This week is the 20th anniversary of the release of James Cameron’s ‘Titanic’. 20 years since we first saw Leo win his ride on the doomed ship, woo a rich girl, announce he was King Of The World only to freeze to death because Kate couldn’t scooch over and make even a bit of room for him on a wooden plank. Alas, he perished; but at least he went out to the dulcet tones of Celine Dion.
The movie still stands up today in terms of film making. The scenes of the ship striking the iceberg and the various systems failing that led to the ultimate demise are so wonderfully captured, they are still harrowing to watch today. Cameron’s work has proved itself timeless because it is so much more than just a disaster movie; he filled it with rich, humanized characters that gave it depth (excusing the pun).
One of those characters is Thomas Andrews Jr – an Irish employee of Harland and Wolff and the ship’s designer. He declared his plan was a flawless masterpiece and coined the phrase ‘unsinkable’. His pride was palpable, as was his tragic realization that the Titanic would in fact sink after the collision with the iceberg. His arc was one of supreme confidence to devastated horror. He was blinded by his creation and couldn’t, or worse, wouldn’t, see the errors and miscalculations in his design.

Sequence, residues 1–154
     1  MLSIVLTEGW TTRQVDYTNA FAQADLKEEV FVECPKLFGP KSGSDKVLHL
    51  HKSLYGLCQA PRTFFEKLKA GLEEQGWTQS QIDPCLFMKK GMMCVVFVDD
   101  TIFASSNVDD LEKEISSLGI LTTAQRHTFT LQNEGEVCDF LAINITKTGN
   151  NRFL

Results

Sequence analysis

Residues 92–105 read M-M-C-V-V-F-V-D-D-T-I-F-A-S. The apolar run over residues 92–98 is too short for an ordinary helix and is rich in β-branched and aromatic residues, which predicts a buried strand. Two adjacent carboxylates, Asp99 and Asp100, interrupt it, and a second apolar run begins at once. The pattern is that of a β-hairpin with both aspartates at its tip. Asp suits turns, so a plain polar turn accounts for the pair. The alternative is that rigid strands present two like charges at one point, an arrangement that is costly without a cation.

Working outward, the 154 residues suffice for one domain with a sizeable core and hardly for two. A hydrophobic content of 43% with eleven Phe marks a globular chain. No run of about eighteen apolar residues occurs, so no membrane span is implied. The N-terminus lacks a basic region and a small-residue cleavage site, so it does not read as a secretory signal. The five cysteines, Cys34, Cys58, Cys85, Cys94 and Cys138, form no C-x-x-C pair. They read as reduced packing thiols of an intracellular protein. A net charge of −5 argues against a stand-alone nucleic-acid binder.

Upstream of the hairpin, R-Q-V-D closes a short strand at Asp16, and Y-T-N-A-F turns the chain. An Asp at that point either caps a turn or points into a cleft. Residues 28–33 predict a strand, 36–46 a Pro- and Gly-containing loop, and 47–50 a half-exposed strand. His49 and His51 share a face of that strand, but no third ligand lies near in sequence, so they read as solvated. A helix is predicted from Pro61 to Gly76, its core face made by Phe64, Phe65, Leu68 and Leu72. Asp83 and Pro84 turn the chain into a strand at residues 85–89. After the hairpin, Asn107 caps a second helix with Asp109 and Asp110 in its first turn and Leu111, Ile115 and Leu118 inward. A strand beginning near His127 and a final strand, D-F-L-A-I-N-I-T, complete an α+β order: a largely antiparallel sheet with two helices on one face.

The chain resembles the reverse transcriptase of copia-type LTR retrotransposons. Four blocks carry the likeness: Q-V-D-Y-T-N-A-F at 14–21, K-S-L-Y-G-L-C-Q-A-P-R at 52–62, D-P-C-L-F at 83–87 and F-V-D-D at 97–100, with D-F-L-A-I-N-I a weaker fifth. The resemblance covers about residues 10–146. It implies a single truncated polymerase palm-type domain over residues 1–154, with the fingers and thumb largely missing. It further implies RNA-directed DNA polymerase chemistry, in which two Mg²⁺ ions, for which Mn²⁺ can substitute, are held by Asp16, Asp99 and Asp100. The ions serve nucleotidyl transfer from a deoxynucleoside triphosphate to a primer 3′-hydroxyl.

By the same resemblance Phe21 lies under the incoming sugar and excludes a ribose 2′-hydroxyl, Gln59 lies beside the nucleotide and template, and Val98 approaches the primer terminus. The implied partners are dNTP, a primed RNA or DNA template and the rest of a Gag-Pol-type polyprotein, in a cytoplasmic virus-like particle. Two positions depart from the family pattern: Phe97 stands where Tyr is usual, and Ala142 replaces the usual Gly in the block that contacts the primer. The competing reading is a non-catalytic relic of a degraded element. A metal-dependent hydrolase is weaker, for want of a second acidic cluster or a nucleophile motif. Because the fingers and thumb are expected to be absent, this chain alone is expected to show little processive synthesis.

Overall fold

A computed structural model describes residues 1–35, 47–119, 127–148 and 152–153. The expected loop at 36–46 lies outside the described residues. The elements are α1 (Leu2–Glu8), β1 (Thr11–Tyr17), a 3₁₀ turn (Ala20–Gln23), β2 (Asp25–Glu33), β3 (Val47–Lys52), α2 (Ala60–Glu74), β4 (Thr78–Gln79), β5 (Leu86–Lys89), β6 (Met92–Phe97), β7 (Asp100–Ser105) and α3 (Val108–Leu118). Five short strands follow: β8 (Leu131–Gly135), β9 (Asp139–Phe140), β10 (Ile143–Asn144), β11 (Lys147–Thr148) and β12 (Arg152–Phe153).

Is your station or show the Titanic? What can’t you see?
Survey results can inhibit our vision. Streaming numbers and Facebook likes do the same. The pride you feel in the car on the drive home can lull you into a false sense of security that your product is perfect, or near perfect, and requires little or no attention. The reality is, it is never perfect.
Not only is it virtually impossible to build a flawless product 24/7; the audience’s needs are constantly, subtly changing and the competitive landscape is likely also in a never-ending state of refinement as well. Be Zen about the realization that your plan has flaws, be open to adjust to new nuances, to shift and pivot as you need to and always be on the lookout for icebergs.